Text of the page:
Fig. 1 compares the percentage share of PCDD, PCDF, and DL-PCB congeners to the total toxicity (expressed in WHO-TEQ) of freshwater fish muscle. Bioaccumulations were species-dependent. DL-PCBs contributed the most to the total toxicity, from 52% in bream to over 76% in eel muscles. Dioxins contributed less than DL-PCBs but more than furans (from 15% in eels to 26% in trout) (Fig. 1). An exception to this trend was bream, because in their muscles furans accounted for 27% and dioxins for 21%. These differences may result from species specificity and environmental pollution or diet. As only one congener from the group of furans was detected in zander and panga muscles, this muscle tissue was not presented in Fig. 1.
Risk for consumers
The estimated dioxin and DL-PCB intake ranges from 9% to 866% TWI for children and from 4% to 286% TWI for adults (Table 3). Levels of dioxins and DL-PCBs found in panga and zander are low, not exceeding the LOQ level.
Estimated intake of PCDD/F and DL-PCB with 200 g of fish, expressed as % of TWI
|Fish species||Children % TWI||Adult % TWI|
Taking into account that the results are expressed according to the upper-bound concept, which requires using the limit of quantification for the contribution of each non-quantified congener, the risk assessment results are clearly overestimated. Therefore, panga and zander muscle tissue can be regarded as practically “PCDD/F/DL-PCBs–free” and its consumption as having no significant impact on human health. However, regular consumption of some species (eel and bream) can pose a health risk and especially for vulnerable groups of consumers who frequently consume these species.
Fish farming can be carried out either in open tanks or in closed buildings with a water recirculation system, without contact with the external environment. The closed water recirculation system and isolation from the external environment is designed to eliminate diseases, but also can minimise dioxin and PCB contamination of fish. The quality of the feeds used in the feeding system is becoming important for the breeding process. Feed in Poland is subjected to annual control under the national feed quality monitoring programme (14). Low levels of dioxins and PCBs determined in farmed fish as well as the conducted feed control studies indicate that feed quality is good, and it does not represent a significant source of these contaminants for fish (14).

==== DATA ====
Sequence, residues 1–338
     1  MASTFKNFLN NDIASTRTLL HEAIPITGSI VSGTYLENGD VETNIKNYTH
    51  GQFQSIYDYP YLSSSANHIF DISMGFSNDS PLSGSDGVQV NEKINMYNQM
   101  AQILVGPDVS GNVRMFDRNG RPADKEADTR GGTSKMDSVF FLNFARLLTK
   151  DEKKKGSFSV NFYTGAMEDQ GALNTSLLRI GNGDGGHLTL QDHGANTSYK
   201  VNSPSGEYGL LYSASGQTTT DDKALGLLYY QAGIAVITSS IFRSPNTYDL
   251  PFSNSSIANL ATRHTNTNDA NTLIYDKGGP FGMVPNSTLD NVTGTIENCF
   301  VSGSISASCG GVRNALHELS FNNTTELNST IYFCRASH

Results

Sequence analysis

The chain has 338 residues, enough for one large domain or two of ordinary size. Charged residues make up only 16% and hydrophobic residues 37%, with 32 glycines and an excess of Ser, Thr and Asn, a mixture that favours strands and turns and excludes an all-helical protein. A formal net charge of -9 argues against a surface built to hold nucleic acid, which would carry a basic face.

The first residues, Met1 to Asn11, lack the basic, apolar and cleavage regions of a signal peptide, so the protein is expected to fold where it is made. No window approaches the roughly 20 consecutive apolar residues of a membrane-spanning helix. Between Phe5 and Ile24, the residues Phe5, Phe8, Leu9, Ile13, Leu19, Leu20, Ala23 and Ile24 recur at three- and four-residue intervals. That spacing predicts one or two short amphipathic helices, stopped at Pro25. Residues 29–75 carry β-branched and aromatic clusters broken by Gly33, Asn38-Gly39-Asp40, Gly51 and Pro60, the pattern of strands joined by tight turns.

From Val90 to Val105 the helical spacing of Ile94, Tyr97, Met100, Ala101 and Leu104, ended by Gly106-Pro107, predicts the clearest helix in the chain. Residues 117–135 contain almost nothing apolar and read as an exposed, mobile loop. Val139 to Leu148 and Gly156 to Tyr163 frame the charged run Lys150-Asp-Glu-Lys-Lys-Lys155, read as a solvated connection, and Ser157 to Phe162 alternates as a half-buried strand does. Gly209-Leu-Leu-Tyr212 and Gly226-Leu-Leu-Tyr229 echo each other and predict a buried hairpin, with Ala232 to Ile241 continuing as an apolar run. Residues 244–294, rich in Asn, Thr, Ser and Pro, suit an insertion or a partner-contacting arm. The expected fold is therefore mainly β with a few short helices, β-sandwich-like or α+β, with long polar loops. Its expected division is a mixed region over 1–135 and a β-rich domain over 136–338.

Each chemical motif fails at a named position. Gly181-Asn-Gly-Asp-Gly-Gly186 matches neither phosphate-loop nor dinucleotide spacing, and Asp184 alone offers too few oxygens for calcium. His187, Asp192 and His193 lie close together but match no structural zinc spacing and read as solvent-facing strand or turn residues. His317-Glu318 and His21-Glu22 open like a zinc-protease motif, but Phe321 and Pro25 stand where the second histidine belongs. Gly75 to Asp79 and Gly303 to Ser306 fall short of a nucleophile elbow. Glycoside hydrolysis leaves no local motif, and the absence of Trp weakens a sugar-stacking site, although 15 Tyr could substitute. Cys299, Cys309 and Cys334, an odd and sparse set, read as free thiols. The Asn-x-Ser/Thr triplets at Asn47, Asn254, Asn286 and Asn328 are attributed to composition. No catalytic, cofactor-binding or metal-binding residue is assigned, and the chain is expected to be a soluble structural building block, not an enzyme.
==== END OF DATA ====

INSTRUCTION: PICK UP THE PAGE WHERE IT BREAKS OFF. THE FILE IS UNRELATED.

In the literature there are many papers devoted to farmed marine fish, mainly salmon. In salmon reared in northern Europe, North America, and Chile, levels of PCDD/F/DL-PCB were higher than those in free-living fish, which could indicate a significant impact of feed materials on fish contamination. Salmon reared in Europe were more contaminated than those from North and South America, with the highest levels having been found in salmon reared in Scotland and the Faroe Islands (10). Fish feed technology is based on the use of fish oil and fishmeal (9), both of which may contain dioxins and PCBs (15). Therefore, measures have been taken to replace fish oil with vegetable oil (12, 17). The result has been a decrease in the levels of dioxins and PCBs in Norwegian Atlantic salmon and those of North America and eastern Canada (12, 17). An alternative method of fishmeal decontamination is extraction of dioxins and PCBs with hexane. This method was positively assessed by the EFSA. The process allows for reduction of about 70% of PCDD/F/DL-PCBs and about 60% of NDL-PCBs and meets the requirements of the Regulation laying down criteria for the acceptability of detoxification processes for products intended for animal feed (5).